“We did not run Palace Malice because he had a bad race in the Derby,” Campbell said of the Preakness. “To come back in two weeks off a bad race would have been stupid. But I’ve always felt if you had a good race in the Derby and had a reason to run in the Preakness you should definitely do it. But I think it has lost its luster a little bit. Trainers like to skip it and wait for the Belmont.”

That’s certainly the case this year with California Chrome and Ride On Curlin the only two horses trying to run all three legs. Four horses who finished in the top eight at Churchhill Downs are entered in the Belmont after sitting out the Preakness. Entries Social Inclusion and Kid Cruz both ran three weeks ago at Pimlico after skipping the Derby.

The 11-horse field also includes Tonalist and Commissioner as well as Matusak, who finished second in its last start in mid-April.

Those kind of fresh legs have defined the Belmont winners of late. Palace Malice was just the latest, upstaging the anticipated showdown between Derby and Preakness winners Orb and Oxbow who ran all three legs.

Does California Chrome have what it takes to buck the trend and join racing’s most elite fraternity?

“He seems to be and I don’t know how you’d knock him,” Campbell said of Chrome’s quality. “I knocked him in the Derby for running slow. It was the slowest Derby since 1974 on a fast track. But he did run faster than the rest of them and did come back in the Preakness and ran plenty fast. Any way I knocked him would be insignificant now.”

A victory by California Chrome would be a huge lift for horse racing, which has been waiting nearly four decades for a new superhorse to fete. Campbell would love to see it happen – sort of.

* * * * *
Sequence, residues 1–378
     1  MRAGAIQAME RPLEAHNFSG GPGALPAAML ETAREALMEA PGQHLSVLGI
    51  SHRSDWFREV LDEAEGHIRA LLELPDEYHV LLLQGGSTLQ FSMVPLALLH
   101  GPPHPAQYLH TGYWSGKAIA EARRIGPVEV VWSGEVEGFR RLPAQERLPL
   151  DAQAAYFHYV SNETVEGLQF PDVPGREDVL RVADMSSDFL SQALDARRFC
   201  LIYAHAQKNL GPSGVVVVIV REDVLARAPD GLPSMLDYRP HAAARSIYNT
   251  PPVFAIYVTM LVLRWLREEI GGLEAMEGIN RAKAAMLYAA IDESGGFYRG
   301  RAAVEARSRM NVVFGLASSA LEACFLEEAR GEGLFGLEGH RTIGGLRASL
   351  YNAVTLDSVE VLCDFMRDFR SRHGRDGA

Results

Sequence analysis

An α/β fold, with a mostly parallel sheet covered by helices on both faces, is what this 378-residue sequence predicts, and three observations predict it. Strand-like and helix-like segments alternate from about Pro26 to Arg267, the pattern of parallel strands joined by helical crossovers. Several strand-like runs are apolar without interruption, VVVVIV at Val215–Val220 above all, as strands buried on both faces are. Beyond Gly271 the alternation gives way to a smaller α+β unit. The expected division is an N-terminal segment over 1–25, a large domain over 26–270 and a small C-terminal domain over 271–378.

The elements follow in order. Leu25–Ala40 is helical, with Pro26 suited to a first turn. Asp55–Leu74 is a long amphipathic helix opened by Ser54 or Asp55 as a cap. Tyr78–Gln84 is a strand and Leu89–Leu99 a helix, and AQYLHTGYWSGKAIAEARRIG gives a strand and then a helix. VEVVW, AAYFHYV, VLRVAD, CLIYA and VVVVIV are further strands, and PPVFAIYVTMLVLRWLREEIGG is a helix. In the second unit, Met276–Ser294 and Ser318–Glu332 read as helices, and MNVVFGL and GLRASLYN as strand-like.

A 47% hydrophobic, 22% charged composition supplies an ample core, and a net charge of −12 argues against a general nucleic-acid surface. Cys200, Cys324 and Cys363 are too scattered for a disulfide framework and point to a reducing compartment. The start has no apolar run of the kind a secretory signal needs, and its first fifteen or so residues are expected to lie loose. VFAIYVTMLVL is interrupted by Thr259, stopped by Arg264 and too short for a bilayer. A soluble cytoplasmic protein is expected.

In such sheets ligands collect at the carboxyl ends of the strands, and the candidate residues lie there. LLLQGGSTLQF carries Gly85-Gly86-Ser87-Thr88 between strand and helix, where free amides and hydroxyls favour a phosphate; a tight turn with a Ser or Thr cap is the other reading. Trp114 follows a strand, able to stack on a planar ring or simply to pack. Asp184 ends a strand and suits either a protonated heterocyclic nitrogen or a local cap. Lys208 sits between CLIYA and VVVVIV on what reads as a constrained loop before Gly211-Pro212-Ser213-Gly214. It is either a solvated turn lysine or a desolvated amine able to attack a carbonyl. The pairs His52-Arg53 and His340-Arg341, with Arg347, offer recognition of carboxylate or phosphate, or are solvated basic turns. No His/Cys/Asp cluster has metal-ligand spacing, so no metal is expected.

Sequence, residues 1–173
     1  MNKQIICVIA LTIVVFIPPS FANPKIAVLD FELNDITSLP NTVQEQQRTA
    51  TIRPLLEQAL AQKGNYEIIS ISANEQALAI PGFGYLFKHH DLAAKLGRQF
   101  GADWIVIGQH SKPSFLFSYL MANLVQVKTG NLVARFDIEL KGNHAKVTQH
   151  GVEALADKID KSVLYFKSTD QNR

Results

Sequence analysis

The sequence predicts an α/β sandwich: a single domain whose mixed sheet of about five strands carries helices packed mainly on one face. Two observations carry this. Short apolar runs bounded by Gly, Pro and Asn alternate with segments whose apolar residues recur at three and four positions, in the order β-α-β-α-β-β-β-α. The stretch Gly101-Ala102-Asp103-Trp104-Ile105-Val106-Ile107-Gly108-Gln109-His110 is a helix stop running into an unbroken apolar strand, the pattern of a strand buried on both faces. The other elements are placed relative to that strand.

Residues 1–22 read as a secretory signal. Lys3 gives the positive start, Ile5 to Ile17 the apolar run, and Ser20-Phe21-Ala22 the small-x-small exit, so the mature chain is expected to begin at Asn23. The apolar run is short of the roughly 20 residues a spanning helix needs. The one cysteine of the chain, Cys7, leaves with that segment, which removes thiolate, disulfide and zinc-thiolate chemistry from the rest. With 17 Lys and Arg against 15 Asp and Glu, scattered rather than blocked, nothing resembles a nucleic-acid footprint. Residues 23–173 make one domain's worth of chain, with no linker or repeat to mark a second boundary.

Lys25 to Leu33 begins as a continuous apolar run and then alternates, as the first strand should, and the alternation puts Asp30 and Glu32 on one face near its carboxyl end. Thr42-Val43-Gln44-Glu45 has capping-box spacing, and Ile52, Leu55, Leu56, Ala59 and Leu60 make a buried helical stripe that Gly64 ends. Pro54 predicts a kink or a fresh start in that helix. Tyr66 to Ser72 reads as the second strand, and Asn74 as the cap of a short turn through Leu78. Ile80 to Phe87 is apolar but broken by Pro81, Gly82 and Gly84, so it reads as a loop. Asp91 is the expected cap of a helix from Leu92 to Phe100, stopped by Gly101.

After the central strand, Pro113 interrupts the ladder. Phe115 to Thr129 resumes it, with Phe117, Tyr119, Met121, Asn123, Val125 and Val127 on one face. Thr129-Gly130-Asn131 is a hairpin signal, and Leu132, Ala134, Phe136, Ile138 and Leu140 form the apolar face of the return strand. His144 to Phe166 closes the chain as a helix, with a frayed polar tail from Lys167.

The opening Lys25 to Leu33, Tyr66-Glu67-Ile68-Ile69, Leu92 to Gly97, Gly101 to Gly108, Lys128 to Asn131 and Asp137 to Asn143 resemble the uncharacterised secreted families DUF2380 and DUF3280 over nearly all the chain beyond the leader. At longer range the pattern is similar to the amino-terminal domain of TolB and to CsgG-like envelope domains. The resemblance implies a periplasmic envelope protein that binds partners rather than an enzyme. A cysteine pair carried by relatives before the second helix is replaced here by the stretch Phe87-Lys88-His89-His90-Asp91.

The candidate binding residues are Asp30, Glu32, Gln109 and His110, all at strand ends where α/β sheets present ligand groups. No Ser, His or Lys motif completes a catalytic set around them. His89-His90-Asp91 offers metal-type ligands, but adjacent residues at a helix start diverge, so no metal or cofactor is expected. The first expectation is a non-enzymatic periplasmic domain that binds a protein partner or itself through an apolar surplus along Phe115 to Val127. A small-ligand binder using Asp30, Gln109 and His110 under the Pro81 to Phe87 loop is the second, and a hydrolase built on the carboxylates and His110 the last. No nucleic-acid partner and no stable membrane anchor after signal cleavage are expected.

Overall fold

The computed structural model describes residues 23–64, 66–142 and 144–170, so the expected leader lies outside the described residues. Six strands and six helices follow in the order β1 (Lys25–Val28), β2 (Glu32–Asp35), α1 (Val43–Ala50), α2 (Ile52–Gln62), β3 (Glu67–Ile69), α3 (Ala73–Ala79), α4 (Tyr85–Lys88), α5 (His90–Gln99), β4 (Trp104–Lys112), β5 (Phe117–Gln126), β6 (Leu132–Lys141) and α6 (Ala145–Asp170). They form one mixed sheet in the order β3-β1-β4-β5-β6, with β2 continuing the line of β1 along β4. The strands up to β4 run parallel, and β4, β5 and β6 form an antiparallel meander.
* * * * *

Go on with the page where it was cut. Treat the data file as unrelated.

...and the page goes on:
“I think the nation kind of turns to the Triple Crown once a year to follow racing closely, even people not normally interested in it,” Campbell said. “It’s got a lot of pizzazz about it. It would be good for racing for a horse to win the Triple Crown. I hope in a way he does.

“In another way I hope he doesn’t. I have made a $5,000 bet in Las Vegas at 12-1 that Palace Malice would be named horse of the year. That bet looks good – if you don’t have a Triple Crown winner. The Triple Crown would set me back a little bit.”

Campbell could sacrifice the $60,000 payday for the good of the sport. Palace Malice will be running at Belmont on the anniversary of his defining victory last year – this time in the Met Mile Handicap. He’s undefeated in three stakes races this year, including a win in the Westchester on May 11 at Belmont.

“He’s a helluva race horse,” Campbell said of Palace Malice. “He’s the real thing and understands the game and likes it and is durable and tough and enthusiastic and fast.”

Next Saturday, we’ll find out whether California Chrome is all that as well. Even as a favorite, the odds are long in the modern Triple Crown era.

Past Triple Crown winners ready for champ to break drought
New York racing stewards made right call on California Chrome's nasal strips

A look at the 11 Triple Crown winners:

1919: Sir Barton, owned by J.K.L. Ross

1930: Gallant Fox, owned by Belair Stud

1935: Omaha, owned by Belair Stud

1937: War Admiral, owned by Samuel D. Riddle

1941: Whirlaway, owned by Calumet Farm

1943: Count Fleet, owned by Mrs. J.D. Hertz

1946: Assault, owned by King Ranch

1948: Citation, owned by Calumet Farm

1973: Secretariat, owned by Meadow Stable

1977: Seattle Slew, owned by Karen L. Taylor

1978: Affirmed, owned by Harbor View Farm